Predicting wound healing is especially important in the current managed care environment in which cost-containment and the need for referral to a specialist have assumed great importance. If further referral and investigation are warranted then the measured wound area is an important piece of medical information.


By accurately undertaking wound measurements and having this information readily available for all parties involved in the wound treatment, the overall quality of wound care will increase for both the patient and the provider.

The provider, who interacts with a wide range of different professions and touchpoints in the healing process, has the necessary information available to more accurately predict the right course of treatment. Having accurate and consistent information also ensures smoother communication between the different treating parties. See how Barlow Respiratory Hospital, a long-term acute care hospital network in Los Angeles has been able to improve patient outcomes through better information.

The patients receive better treatments, which help to heal their wounds faster, and they spend less time in hospital than they would have previously. Predictive healing models mean that changes to the course of treatment can be made early which can streamline their hospital stay or could even prevent them from being admitted in the first place. Accurate wound measurement also lessens the chance of complications that a patient may face, such as infection, lack of progress or even in serious cases, amputation.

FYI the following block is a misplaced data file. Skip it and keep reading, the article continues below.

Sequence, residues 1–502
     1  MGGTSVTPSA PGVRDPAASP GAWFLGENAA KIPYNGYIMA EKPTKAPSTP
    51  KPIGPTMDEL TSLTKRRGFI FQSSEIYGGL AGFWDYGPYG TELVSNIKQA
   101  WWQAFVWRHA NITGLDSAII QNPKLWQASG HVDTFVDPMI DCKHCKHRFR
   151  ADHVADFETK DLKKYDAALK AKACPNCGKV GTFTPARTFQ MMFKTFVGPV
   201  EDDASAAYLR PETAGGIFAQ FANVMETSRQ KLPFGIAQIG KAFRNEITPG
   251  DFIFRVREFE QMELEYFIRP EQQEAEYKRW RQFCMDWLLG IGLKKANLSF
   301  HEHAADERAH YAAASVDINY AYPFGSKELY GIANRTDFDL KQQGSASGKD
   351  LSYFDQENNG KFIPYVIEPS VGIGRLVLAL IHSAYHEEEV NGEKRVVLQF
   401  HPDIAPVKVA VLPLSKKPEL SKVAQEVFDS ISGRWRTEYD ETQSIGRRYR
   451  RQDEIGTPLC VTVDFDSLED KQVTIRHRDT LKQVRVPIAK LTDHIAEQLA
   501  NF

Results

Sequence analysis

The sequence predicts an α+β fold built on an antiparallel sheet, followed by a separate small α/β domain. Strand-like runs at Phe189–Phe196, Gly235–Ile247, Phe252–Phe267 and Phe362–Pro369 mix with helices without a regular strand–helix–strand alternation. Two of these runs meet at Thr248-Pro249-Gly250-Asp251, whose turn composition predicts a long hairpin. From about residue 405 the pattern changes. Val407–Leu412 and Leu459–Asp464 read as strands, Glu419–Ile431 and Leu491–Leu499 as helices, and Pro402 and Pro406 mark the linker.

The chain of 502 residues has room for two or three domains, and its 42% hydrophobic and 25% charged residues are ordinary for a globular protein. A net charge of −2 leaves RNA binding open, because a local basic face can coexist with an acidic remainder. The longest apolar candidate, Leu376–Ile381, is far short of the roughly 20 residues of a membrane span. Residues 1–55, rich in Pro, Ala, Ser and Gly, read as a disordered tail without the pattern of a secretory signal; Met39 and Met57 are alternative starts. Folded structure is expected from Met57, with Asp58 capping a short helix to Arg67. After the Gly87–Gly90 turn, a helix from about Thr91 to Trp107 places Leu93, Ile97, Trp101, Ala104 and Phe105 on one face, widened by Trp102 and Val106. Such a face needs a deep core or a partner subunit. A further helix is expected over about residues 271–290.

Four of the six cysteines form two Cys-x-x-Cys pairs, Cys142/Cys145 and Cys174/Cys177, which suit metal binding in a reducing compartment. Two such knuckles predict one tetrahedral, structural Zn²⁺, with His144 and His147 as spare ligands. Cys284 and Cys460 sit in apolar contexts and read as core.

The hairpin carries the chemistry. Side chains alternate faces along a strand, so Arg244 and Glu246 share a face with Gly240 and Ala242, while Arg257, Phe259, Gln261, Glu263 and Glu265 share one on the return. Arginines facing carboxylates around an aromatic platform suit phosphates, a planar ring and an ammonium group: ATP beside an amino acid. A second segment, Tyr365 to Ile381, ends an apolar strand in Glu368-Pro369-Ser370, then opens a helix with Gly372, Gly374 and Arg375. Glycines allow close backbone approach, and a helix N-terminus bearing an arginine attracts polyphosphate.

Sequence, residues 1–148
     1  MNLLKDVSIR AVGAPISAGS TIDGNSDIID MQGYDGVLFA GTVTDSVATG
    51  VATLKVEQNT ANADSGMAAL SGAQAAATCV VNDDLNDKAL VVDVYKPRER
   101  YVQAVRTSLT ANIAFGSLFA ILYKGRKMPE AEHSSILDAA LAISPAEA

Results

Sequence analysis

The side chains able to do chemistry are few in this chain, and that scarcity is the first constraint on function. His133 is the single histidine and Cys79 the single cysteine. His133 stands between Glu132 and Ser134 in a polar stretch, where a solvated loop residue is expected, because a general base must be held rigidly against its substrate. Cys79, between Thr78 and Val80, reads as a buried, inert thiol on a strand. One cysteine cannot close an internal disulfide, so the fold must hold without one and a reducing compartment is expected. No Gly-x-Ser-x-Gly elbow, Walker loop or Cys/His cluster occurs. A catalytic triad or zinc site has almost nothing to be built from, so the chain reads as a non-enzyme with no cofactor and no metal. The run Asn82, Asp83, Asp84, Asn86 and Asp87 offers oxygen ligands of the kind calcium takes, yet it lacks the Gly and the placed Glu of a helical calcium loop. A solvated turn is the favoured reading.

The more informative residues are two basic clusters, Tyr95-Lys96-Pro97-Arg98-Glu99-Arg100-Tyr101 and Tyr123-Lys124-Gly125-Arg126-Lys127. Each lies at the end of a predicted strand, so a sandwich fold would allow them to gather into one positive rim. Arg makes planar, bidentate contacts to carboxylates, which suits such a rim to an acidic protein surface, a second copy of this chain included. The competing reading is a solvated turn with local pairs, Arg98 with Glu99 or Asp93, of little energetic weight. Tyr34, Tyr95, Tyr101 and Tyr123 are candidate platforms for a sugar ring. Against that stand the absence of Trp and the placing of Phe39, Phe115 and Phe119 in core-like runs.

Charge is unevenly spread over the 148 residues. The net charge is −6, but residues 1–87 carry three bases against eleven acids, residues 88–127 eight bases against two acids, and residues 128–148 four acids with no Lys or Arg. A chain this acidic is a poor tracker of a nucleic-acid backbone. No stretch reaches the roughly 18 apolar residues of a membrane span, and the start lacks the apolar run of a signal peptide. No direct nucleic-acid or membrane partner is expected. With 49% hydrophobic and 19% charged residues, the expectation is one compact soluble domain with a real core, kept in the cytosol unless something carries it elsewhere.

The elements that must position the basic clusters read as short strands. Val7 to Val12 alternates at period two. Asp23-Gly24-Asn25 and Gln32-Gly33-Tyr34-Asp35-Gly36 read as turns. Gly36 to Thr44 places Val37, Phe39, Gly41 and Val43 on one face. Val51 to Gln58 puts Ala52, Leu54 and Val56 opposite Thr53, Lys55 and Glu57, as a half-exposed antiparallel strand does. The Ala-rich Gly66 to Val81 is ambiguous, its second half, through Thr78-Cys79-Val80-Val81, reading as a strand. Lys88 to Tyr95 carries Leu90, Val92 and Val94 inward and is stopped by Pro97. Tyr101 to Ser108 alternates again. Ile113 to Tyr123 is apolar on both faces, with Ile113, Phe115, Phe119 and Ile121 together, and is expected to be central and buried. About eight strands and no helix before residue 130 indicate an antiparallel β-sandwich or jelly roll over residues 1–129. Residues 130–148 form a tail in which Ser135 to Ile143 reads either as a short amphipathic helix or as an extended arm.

The implications for hospitals practicing continuous monitoring of a wound are significant. Regular assessments involving quantifying and documenting wound healing progress are currently the only way of determining treatment effectiveness, guiding further treatment decisions and objectively justifying more aggressive and expensive treatments. The wound assessments enable practitioners to follow a treatment for an optimal period of time, reassess and evaluate the effectiveness of the treatment, and then plan for the next stage— continue with the current treatment, recommend a new treatment, or ensure that further investigation and intervention is carried out.

Practitioners should use the best technique available to them when obtaining measurements and use the same method consistently to ensure the most accurate and useful information is available to them. Measuring methods are not interchangeable as each different method will measure and record information in a slightly different way, skewing the results that are being collected.  However, the more accurate and precise the wound measurements are, the more practitioners are able to predict wound healing outcomes as early as the fourth week of treatment. Read more about how wound measurement precision can help predict healing outcomes.

Doc Number: 2017-00153